Compare this to the total fat content of beef, of which 51% is bad fats in the form of Saturated Fatty Acids (SFAs). And this assumes the cut of beef is lean and not well marbled. To be blunt, if you are a regular red meat eater, you are clogging your coronary arteries with every bite!
The solution is simple. By cutting back on saturated fatty red meats and substituting monounsaturated fish or poultry, you increase levels of good cholesterol (HDL), helping your blood circulation to keep your coronary arteries free of plaque and your liver efficiently able to eliminate bad cholesterol (LDL).
Nobody is asking you to abandon red meat and become a vegetarian, but if you simply lower your consumption of red meat each week, that is easily doable, don’t you think? Do this and you can look forward to that once-a-week barbecued steak or burger without lasting harm or guilt.
Apart from the obvious healthy benefits, you’ll feel noticeably better and enjoy higher energy levels. Also, if you are eating less saturated fatty foods, which more readily stay in your body as stored fat, it stands to reason that you will help yourself lose weight in a healthy, methodical manner. This is because you will be eating foods that are more easily burned and converted to energy rather than become fat stored in your body.
When it comes to fats, we need to adjust our thinking before we can change our ways of eating. This is still harder done than said, especially when it comes to harmful trans fats. Fortunately, help has arrived. Nutrition fact food labels are now required to show the content of trans fats.
Regardless, beware the word “hydrogenated” on food labels, particularly margarine. Products containing hydrogenated oils are high in trans fats. So what’s better, butter or margarine?
Butter versus Margarine
· Butter is high in bad (LDL) cholesterol and Saturated Fats.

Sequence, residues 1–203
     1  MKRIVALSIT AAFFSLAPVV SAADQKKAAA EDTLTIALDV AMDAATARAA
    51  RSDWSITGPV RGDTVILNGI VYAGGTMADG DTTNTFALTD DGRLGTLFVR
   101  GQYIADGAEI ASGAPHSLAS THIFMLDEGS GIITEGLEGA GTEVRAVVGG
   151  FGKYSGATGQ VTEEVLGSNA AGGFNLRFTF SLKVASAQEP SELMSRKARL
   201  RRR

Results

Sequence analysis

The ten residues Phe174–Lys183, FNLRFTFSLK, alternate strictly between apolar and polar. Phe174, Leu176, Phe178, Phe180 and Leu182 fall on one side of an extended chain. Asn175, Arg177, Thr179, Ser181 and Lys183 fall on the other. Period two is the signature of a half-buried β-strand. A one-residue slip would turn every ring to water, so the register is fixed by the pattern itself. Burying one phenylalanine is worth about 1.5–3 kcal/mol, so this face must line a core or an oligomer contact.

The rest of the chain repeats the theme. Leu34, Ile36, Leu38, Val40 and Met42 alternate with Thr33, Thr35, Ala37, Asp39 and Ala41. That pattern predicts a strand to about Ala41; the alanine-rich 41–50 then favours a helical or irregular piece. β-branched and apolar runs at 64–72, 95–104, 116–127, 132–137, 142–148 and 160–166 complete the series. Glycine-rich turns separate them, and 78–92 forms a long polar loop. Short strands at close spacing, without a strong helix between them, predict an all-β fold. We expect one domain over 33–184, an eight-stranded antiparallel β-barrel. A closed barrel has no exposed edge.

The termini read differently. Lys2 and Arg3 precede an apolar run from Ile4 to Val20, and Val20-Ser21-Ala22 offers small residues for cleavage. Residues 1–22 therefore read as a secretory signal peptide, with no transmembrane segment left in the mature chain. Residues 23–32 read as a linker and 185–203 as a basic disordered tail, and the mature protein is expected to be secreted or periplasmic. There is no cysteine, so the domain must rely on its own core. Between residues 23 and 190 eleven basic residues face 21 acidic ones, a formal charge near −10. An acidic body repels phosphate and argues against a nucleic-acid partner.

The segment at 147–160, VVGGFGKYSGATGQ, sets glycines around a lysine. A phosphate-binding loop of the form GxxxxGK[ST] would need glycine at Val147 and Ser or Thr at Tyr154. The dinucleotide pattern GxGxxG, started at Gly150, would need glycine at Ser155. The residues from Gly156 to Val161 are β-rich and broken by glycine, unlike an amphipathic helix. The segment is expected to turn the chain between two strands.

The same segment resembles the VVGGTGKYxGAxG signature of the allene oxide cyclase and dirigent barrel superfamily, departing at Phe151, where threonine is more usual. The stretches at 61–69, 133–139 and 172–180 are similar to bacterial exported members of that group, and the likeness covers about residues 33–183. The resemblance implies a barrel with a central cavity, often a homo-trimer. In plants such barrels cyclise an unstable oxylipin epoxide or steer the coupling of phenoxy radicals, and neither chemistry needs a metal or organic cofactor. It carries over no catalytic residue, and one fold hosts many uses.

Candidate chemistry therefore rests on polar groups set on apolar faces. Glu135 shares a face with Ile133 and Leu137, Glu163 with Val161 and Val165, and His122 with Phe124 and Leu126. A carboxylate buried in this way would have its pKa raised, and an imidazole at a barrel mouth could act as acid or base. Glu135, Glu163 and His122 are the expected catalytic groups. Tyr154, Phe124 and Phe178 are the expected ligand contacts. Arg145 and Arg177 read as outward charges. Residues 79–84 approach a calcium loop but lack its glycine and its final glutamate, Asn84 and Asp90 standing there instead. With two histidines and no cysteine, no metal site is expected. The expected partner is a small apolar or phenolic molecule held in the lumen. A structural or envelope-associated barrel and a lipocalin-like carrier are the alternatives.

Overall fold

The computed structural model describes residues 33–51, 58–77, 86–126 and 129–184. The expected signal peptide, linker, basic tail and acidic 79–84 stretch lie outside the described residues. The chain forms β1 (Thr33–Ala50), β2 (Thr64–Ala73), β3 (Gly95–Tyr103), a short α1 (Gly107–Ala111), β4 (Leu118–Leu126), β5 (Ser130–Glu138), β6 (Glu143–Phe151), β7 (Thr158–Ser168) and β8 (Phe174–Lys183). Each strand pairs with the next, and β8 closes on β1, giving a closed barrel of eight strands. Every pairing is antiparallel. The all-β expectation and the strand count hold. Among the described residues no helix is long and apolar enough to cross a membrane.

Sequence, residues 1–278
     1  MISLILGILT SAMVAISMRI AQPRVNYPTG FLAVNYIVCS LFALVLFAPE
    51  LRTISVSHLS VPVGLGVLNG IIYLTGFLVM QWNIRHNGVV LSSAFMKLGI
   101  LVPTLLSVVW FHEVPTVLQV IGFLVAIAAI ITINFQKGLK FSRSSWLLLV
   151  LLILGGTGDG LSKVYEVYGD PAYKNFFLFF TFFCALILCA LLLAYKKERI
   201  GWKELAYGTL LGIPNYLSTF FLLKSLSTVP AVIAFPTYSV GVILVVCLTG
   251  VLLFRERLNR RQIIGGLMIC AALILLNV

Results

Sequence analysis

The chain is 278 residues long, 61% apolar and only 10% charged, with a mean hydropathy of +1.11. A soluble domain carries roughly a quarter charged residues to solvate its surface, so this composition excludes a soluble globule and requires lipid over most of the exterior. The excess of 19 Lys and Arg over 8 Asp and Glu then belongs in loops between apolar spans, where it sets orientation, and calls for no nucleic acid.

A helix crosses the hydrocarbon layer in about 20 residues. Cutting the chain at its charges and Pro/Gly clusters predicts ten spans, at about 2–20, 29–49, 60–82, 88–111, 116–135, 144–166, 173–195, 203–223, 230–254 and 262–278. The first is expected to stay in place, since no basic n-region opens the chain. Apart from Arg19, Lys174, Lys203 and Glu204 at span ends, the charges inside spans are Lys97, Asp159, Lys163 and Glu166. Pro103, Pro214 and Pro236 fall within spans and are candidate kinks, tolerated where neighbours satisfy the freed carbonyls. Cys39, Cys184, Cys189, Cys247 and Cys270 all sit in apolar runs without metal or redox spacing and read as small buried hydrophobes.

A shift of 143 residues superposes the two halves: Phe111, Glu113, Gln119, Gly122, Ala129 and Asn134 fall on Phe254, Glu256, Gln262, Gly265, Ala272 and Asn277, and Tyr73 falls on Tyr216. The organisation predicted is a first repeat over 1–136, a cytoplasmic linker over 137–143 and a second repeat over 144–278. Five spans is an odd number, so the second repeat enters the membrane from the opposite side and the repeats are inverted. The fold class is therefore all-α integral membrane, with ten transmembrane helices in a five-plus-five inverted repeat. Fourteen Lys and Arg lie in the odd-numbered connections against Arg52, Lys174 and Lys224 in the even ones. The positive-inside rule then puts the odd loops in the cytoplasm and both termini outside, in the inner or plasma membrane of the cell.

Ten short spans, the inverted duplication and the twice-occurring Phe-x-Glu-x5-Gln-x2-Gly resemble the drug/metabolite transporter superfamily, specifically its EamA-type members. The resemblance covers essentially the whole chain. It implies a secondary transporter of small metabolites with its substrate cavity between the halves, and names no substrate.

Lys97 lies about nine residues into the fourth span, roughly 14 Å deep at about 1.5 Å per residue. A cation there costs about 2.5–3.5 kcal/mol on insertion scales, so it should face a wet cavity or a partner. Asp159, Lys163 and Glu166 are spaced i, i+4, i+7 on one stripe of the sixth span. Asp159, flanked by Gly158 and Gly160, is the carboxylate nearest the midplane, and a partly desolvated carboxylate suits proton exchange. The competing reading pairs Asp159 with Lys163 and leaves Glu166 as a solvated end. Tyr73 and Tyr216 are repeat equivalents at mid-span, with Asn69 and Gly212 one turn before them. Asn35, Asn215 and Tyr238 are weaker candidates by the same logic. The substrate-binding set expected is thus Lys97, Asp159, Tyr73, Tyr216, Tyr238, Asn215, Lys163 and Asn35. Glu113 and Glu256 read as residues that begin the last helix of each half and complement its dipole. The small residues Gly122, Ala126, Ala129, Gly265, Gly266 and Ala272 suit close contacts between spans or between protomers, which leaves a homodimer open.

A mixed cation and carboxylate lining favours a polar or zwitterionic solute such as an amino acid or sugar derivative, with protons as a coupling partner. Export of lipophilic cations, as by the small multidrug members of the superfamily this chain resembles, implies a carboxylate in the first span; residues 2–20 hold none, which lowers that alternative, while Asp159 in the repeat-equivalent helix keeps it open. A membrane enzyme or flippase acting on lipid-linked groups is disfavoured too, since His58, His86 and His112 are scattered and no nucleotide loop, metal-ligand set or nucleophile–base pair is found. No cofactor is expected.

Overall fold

· Margarine is made from unsaturated vegetable oils so it doesn’t contain as much bad (LDL) cholesterol.
· Margarine can contain high levels of trans fats.
Solution – Use liquid vegetable oils or use soft tub margarine that is labeled “trans fat free” or “Non Hydrogenated” or both. And whatever you choose, learn to lessen the amount you apply to breads and the frying pan.
If you’re still not convinced enough to eat more Monounsaturated (MUFAs) and Polyunsaturated (PUFAs) fats and less Saturated (SFAs) and Trans (TFAs) fats, I suggest you buy some cheap tubs of lard and spoon it into your mouth repeatedly as if it were ice cream.
Did I just detect a grimace of disgust at the thought? Well, guess what? Eating many of the Saturated and Trans fatty foods we eat is tantamount to doing the same thing – only with flavor added to make it palatable.
An easy adjustment is to make ice cream an occasional treat rather than one of your major food groups. The next time you walk into your favorite ice cream parlor, picture the tubs of ice cream as tubs of lard. They might as well be for all the good ice cream does for you.
Now it’s your turn. Only you can determine your own health goals and game plan. On a separate sheet of paper, finish this statement: Now that I know more about fats in food, here are five simple, easy and effective MODERATE adjustments I will make today toward the avoidance of bad fats and the healthy consumption of good fats:
This the the third post in a three-part series on the effects of fats in food on our health. For previous posts, see ‘Fats’ category.